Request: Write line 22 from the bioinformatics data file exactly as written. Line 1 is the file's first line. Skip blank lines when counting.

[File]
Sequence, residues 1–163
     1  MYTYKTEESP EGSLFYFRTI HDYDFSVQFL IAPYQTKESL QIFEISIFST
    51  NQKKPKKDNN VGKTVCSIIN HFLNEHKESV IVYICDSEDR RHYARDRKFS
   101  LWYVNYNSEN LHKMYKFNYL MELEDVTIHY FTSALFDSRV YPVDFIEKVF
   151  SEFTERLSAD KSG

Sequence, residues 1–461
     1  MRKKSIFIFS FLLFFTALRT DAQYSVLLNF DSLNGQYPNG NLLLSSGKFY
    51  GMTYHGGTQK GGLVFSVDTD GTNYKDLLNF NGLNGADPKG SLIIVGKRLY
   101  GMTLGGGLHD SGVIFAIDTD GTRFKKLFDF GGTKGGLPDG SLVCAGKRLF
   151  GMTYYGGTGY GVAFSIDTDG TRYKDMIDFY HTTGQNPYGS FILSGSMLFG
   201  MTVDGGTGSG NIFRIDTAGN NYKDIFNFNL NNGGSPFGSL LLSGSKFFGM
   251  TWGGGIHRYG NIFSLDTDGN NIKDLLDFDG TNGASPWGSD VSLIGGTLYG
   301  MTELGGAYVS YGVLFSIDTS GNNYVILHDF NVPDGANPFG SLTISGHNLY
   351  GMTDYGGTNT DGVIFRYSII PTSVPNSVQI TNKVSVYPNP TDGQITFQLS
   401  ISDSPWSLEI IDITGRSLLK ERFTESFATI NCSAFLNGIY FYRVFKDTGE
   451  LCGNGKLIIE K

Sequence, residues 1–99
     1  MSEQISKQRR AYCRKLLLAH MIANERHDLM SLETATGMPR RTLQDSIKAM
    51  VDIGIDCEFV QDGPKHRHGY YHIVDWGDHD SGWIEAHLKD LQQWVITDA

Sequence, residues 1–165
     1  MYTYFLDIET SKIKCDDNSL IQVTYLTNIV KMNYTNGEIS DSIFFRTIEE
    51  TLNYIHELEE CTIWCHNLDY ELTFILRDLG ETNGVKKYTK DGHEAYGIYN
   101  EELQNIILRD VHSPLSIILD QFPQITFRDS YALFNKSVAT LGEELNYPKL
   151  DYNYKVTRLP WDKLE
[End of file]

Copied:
    51  TLNYIHELEE CTIWCHNLDY ELTFILRDLG ETNGVKKYTK DGHEAYGIYN